One of Russia’s many long yet rewarding masterpieces, Crime and Punishment is an 1866 novel by Fyodor Dostoevsky. It explores themes of nihilism and utilitarianism while anticipating the arguments of existentialist thinkers, particularly Nietzsche.
The story follows the life of Rodion Romanovich Raskolnikov as he plots to murder a pawnbroker for her money. He plans to use the money to finance a great and noble life, though he spends a fair amount of time trying to justify that to the reader and himself. His rational and emotional responses to his planning and the aftermath of his actions drive the novel, which has rightfully earned its place in the canon of world literature.
Raskolnikov’s characterization is complex, and other characters mention that he sometimes seems like two people. His dual nature is also explored in the two characters of Sonya and Svidrigailov. His intellectual side is cold and calculating, while his more humane side is often compassionate. Dostoevsky’s writing gives us a look at one of the more intriguing kinds of criminal minds — that which is both able to commit a horrid crime and, at the same time, experience an emotional response to it. Unlike an unrepentant monster, this is a character with whom people can feel some kind of kinship.
Because the book was published before the invention of the modern doorknob, it can be read for free here.
Catch Me If You Can by Frank Abagnale, Jr.
“If I had to place any blame for my future nefarious actions, I’d put it on the Ford. That Ford fractured every moral fiber in my body. It introduced me to girls, and I didn’t come to my senses for six years. They were wonderful years.”
Catch Me if You Can is the story of Frank Abagnale, Jr., a convicted felon and conman who reports having committed a series of impressive cons in the mid-20th century. The self-identified conman writes of having faked his way through being a pilot, hospital administrator, and lawyer.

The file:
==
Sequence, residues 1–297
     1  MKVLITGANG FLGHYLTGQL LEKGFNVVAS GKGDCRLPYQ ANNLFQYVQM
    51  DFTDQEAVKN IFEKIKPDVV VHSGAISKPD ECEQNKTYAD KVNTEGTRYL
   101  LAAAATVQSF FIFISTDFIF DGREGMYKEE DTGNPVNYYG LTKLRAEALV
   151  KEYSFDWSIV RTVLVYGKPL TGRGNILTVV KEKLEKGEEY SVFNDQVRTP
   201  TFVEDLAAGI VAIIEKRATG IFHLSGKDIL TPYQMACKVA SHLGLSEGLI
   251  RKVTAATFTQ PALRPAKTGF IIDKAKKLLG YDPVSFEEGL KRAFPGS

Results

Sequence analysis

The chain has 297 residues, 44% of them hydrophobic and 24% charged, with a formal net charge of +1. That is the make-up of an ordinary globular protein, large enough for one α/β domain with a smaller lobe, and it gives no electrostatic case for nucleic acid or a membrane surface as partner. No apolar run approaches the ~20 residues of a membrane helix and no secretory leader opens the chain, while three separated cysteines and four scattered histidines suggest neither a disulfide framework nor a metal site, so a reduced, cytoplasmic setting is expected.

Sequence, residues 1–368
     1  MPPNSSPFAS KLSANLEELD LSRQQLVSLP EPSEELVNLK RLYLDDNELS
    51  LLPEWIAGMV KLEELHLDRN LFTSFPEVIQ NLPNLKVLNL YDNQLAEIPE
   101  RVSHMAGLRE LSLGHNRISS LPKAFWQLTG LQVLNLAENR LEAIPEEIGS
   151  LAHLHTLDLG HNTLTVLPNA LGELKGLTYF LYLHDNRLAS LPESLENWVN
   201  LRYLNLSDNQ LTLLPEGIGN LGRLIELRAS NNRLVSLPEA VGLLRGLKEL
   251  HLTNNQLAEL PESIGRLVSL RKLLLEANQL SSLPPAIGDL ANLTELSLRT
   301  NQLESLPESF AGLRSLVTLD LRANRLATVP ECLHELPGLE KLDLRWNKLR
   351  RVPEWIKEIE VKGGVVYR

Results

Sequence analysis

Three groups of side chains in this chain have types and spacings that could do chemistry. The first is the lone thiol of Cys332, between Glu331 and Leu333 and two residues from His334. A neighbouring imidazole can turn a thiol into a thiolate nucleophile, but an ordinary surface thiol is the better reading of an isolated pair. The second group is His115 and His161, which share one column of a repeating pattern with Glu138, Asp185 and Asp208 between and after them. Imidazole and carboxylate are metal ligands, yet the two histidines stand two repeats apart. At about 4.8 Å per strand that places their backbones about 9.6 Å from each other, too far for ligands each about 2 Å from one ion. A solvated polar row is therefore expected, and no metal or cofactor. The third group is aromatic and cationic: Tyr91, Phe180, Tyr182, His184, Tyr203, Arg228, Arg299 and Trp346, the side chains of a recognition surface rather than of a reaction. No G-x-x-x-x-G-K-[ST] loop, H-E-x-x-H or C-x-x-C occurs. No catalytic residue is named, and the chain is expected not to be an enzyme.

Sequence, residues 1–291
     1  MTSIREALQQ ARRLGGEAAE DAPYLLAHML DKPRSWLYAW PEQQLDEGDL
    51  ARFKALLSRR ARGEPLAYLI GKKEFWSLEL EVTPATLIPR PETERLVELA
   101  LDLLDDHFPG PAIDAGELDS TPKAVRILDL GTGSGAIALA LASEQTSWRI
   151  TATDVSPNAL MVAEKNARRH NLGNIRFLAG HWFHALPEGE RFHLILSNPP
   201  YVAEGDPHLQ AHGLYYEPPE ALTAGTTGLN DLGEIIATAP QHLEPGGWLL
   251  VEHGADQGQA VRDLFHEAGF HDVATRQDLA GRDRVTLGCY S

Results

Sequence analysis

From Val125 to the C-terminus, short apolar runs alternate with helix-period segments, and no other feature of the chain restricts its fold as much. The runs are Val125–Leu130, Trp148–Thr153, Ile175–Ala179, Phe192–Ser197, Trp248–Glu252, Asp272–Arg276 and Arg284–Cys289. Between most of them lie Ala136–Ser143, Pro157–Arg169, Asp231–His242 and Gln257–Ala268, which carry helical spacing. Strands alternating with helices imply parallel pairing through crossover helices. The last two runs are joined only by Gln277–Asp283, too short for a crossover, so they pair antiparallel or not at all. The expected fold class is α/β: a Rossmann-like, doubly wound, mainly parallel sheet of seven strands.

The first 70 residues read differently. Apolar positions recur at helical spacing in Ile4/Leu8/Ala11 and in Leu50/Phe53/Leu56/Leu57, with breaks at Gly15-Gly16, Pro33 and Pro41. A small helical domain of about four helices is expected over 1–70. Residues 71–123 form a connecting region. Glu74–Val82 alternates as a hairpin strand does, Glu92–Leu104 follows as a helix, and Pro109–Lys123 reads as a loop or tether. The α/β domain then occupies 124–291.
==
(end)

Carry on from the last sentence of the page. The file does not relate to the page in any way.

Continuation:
Unlike in the film version, where he is motivated by a need to impress his father, the book makes it appear that he committed these crimes for the simple reason that he could. After starting with petty check fraud and other minor schemes, Abagnale’s lies get bigger and bigger. It is a situation many of us will recognize (even if we’ve never used deceit to log a million miles on Pan Am flights).
Unlike other books on this list, which are either fictional or written about other people, this at least semi-autobiographical book provides a look at the thought process of a criminal as reported by that individual. Several of the author’s claims have recently been challenged, and it is now known that many of the events in the book were, at the very least, exaggerated. Fortunately, an exaggerated autobiography about a conman is still an accurate autobiography about a conman.
Gone Girl by Gillian Flynn
“There’s something disturbing about recalling a warm memory and feeling utterly cold.”
Gone Girl is a 2012 thriller novel by Gillian Flynn. Exploring a disappearance in Missouri, the novel dives into questions of family life, perspective, and the psychology of its characters. A film version was made in 2014.
The novel shifts between different narrators, providing a look at the mental processes of the victim, criminal, and the accused. These shifts, in combination with the complexity of the crimes described and the plotline’s various twists and turns, provide an exciting look into how stressors can turn a typical person into a criminal. Later in the story, the question of how to dig out of a pit of lies begins to shed light on the differences between the thought processes of the reader and one of the major characters.
Perhaps most interestingly, the book offers a look at the possible thought processes of an atypical criminal. While Truman Capote tells us about people who seem predestined for a life of crime, Flynn’s characters have the appearance of otherwise upstanding people. It is only when we can dive into their minds that we come to understand the horrors lying behind a seemingly desirable life. The novel also features a fantastically unreliable narrator.